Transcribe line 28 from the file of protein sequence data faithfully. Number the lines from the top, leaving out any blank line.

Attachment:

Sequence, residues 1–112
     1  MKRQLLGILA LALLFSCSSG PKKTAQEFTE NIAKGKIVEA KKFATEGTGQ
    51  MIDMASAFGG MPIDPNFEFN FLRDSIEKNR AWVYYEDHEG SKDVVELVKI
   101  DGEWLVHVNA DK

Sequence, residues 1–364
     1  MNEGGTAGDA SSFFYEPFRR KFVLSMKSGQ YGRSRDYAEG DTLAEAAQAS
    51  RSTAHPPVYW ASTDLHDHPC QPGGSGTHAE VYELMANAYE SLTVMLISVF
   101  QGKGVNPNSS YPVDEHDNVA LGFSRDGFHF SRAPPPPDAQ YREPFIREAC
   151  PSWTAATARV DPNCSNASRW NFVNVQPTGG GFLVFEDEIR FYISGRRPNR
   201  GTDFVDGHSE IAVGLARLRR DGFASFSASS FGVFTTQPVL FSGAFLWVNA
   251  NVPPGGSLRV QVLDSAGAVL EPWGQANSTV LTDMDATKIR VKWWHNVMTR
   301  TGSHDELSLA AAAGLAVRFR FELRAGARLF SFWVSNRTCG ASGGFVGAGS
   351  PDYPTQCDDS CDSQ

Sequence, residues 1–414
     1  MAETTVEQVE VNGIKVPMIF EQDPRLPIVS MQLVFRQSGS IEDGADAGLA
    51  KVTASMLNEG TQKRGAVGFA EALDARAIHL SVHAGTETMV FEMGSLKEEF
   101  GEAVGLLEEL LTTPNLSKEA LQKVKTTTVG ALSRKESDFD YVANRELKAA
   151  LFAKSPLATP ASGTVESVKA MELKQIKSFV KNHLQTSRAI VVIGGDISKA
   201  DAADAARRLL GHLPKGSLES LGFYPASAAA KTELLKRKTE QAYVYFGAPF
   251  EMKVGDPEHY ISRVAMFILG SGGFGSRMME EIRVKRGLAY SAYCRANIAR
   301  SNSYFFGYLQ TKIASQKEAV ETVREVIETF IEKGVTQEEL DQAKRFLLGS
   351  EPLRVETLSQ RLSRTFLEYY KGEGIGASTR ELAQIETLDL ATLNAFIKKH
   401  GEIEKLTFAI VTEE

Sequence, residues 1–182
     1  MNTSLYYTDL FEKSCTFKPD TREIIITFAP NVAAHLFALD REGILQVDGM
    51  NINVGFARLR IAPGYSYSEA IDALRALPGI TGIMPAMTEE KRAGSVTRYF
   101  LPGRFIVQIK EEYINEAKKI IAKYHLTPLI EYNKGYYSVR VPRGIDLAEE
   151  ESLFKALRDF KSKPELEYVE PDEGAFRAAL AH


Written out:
   151  ESLFKALRDF KSKPELEYVE PDEGAFRAAL AH